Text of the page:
45. Rodrigo, C.; Leung, P.; Lloyd, A.R.; Bull, R.A.; Luciani, F.; Grebely, J.; Dore, G.J.; Applegate, T.; Page, K.; Bruneau, J.; et al. Genomic variability of within-host hepatitis C variants in acute infection. J. Viral Hepat. 2019, 26, 476–484. [Google Scholar] [CrossRef]
  46. Bukh, J. The history of hepatitis C virus (HCV): Basic research reveals unique features in phylogeny, evolution and the viral life cycle with new perspectives for epidemic control. J. Hepatol. 2016, 65, S2–S21. [Google Scholar] [CrossRef] [PubMed] [Green Version]
  47. Stuart, J.D.; Salinas, E.; Grakoui, A. Immune system control of hepatitis C virus infection. Curr. Opin. Virol. 2021, 46, 36–44. [Google Scholar] [CrossRef] [PubMed]
  48. Farci, P.; Alter, H.J.; Govindarajan, S.; Wong, D.C.; Engle, R.; Lesniewski, R.R.; Mushahwar, I.K.; Desai, S.M.; Miller, R.H.; Ogata, N.; et al. Lack of protective immunity against reinfection with hepatitis C virus. Science 1992, 258, 135–140. [Google Scholar] [CrossRef]
  49. Bassett, S.E.; Guerra, B.; Brasky, K.; Miskovsky, E.; Houghton, M.; Klimpel, G.R.; Lanford, R.E. Protective immune response to hepatitis C virus in chimpanzees rechallenged following clearance of primary infection. Hepatology 2001, 33, 1479–1487. [Google Scholar] [CrossRef]
  50. Franco, S.; Tural, C.; Nevot, M.; Moltó, J.; Rockstroh, J.K.; Clotet, B.; Martinez, M.A. Detection of a sexually transmitted hepatitis C virus protease inhibitor-resistance variant in a human immunodeficiency virus-infected homosexual man. Gastroenterology 2014, 147, 599–601. [Google Scholar] [CrossRef]
  51. Wrensch, F.; Ligat, G.; Heydmann, L.; Schuster, C.; Zeisel, M.B.; Pessaux, P.; Habersetzer, F.; King, B.J.; Tarr, A.W.; Ball, J.K.; et al. Interferon-Induced Transmembrane Proteins Mediate Viral Evasion in Acute and Chronic Hepatitis C Virus Infection. Hepatology 2019, 70, 1506–1520. [Google Scholar] [CrossRef]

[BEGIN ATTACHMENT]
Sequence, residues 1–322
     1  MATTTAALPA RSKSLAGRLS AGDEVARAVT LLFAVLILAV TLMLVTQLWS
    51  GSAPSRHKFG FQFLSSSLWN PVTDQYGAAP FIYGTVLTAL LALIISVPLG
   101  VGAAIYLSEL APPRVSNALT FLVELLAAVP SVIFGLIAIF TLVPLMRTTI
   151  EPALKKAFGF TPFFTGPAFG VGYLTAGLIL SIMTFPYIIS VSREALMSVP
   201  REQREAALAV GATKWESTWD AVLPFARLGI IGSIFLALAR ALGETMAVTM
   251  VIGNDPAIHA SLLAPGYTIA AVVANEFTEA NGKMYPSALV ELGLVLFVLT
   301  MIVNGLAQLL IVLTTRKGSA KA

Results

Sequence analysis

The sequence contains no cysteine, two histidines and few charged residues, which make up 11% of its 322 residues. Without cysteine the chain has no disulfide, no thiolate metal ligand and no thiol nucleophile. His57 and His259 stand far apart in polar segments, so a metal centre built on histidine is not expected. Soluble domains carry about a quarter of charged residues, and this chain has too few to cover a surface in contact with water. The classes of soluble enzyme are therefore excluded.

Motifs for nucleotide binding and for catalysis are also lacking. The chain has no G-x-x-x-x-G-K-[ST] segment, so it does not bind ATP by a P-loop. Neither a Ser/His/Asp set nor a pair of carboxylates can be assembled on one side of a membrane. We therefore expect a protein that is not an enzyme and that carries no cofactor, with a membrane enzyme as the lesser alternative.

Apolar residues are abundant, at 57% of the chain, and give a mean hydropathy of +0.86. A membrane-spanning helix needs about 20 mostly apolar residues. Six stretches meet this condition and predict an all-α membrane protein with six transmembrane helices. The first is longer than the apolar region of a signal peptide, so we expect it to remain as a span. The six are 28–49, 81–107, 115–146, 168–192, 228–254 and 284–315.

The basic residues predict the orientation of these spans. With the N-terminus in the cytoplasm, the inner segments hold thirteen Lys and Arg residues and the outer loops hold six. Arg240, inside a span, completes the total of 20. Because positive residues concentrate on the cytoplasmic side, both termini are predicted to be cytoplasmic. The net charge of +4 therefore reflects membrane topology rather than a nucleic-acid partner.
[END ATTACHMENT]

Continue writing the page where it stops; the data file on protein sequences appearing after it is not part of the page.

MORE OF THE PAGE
52. Grakoui, A.; Shoukry, N.H.; Woollard, D.J.; Han, J.H.; Hanson, H.L.; Ghrayeb, J.; Murthy, K.K.; Rice, C.M.; Walker, C.M. HCV Persistence and Immune Evasion in the Absence of Memory T Cell Help. Science 2003, 302, 659–662. [Google Scholar] [CrossRef] [Green Version]
  53. Cox, A.L.; Mosbruger, T.; Lauer, G.M.; Pardoll, D.; Thomas, D.L.; Ray, S.C. Comprehensive analyses of CD8+ T cell responses during longitudinal study of acute human hepatitis C. Hepatology 2005, 42, 104–112. [Google Scholar] [CrossRef] [PubMed]
  54. Neumann-Haefelin, C.; Timm, J.; Spangenberg, H.C.; Wischniowski, N.; Nazarova, N.; Kersting, N.; Roggendorf, M.; Allen, T.M.; Blum, H.E.; Thimme, R. Virological and immunological determinants of intrahepatic virus-specific CD8+ T-cell failure in chronic hepatitis C virus infection. Hepatology 2008, 47, 1824–1836. [Google Scholar] [CrossRef] [PubMed]
  55. Neumann-Haefelin, C.; McKiernan, S.; Ward, S.; Viazov, S.; Spangenberg, H.C.; Killinger, T.; Baumert, T.F.; Nazarova, N.; Sheridan, I.; Pybus, O.; et al. Dominant influence of an HLA-B27 restricted CD8+ T cell response in mediating HCV clearance and evolution. Hepatology 2006, 43, 563–572. [Google Scholar] [CrossRef] [PubMed] [Green Version]
  56. Fitzmaurice, K.; Petrovic, D.; Ramamurthy, N.; Simmons, R.; Merani, S.; Gaudieri, S.; Sims, S.; Dempsey, E.; Freitas, E.; Lea, S.; et al. Molecular footprints reveal the impact of the protective HLA-A*03 allele in hepatitis C virus infection. Gut 2011, 60, 1563–1571. [Google Scholar] [CrossRef] [Green Version]